After serving as president of Brazil from 2003 to 2011, and on the verge of starting his candidacy for the 2018 election (which he was favoured to win), Lula was arrested and sentenced to 12 years in prison, convicted of “passive corruption”.

The champion of a national movement that united the middle class and working class in what came to be known as “Lulism”, Lula was Brazil’s first working-class president; the first president to have no university degree; the only president to democratically complete two terms in office; and the only elected president followed by a successor who was also elected by direct popular vote. In public opinion polls, he is recognized by 50% of the population as the best president Brazil has ever had. Backed by organized labour, Lulism confronted issues of mass poverty.

What does he stand for? Why did the Worker’s Party lose power after the re-election of Dilma Rousseff? What now for Lula, and Brazil? In Truth Will Prevail, Lula discusses his vision in detail. The book is available here.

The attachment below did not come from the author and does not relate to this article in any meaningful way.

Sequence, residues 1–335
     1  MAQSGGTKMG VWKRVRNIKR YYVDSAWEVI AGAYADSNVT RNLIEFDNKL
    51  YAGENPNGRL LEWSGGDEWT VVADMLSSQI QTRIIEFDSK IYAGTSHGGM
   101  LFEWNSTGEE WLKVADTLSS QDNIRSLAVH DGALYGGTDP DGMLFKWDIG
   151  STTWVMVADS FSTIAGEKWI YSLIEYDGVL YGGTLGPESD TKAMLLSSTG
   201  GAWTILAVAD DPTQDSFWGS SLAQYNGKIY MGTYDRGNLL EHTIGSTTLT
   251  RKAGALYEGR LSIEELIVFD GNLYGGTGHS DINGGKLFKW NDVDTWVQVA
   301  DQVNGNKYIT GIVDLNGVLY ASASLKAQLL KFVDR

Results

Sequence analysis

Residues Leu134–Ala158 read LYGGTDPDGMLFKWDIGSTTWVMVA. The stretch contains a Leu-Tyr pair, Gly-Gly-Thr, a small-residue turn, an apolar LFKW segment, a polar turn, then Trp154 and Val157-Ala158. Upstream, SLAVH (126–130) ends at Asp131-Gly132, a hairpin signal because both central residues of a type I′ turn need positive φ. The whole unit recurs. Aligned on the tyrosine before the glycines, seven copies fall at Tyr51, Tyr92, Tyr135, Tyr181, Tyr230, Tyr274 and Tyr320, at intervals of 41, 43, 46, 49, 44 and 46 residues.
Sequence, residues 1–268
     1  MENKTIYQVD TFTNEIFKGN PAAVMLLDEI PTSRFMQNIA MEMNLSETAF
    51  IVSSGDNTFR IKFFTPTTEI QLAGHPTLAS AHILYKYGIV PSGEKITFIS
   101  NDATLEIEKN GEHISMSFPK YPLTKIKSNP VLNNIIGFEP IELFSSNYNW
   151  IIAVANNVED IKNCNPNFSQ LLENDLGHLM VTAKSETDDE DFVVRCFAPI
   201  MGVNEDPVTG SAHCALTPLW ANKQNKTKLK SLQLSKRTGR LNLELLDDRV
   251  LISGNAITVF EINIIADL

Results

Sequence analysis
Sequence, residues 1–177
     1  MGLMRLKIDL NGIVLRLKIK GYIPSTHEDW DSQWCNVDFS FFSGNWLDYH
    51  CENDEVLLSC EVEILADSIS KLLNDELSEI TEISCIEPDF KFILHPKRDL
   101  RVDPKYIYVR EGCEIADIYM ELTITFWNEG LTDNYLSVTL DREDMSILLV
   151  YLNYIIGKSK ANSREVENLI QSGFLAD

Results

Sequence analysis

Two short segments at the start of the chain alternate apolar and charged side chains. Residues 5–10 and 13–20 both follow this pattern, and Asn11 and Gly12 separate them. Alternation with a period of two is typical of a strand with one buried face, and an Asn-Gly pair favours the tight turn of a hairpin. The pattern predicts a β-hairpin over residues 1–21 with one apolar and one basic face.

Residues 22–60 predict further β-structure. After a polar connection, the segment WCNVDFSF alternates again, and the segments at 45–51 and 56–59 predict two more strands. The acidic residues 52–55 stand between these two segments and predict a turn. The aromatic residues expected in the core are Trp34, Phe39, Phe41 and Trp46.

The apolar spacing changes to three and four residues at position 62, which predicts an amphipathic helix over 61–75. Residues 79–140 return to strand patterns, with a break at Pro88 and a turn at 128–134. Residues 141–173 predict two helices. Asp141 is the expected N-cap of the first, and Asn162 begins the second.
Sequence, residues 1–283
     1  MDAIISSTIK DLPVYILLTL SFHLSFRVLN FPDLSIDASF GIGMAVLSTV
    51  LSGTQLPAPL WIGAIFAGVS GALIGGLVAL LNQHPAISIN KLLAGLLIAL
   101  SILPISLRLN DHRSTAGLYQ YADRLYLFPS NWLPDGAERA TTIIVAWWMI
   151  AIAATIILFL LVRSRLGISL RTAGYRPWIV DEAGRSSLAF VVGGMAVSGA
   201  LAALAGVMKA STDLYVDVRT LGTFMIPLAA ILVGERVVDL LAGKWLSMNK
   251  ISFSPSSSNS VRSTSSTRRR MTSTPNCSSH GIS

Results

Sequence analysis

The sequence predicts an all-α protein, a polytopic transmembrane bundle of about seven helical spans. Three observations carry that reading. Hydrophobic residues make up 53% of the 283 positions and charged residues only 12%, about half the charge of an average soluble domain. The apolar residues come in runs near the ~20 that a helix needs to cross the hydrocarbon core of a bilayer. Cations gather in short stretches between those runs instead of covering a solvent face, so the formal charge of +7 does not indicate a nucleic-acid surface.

Selected Writings of Lenin

‘Struggling uncompromisingly with the reformists and all kinds of distortionists of Marxism, Lenin brought scientific socialism to a new stage. He enriched Marxism, the great ideological weapon of the proletariat, and greatly contributed to the formulation of the theory of proletarian dictatorship. He developed the Marxist principle on the worker–peasant alliance, the national and colonial question, proletarian internationalism, the building and strengthening of a new type of proletarian party, which is the only organisation capable of leading the multiform struggle of the working class and enslaved peoples. Lenin established a new theory of socialist revolution and demonstrated the possibilities of the triumph of socialism in a single country.’ — Ho Chi Minh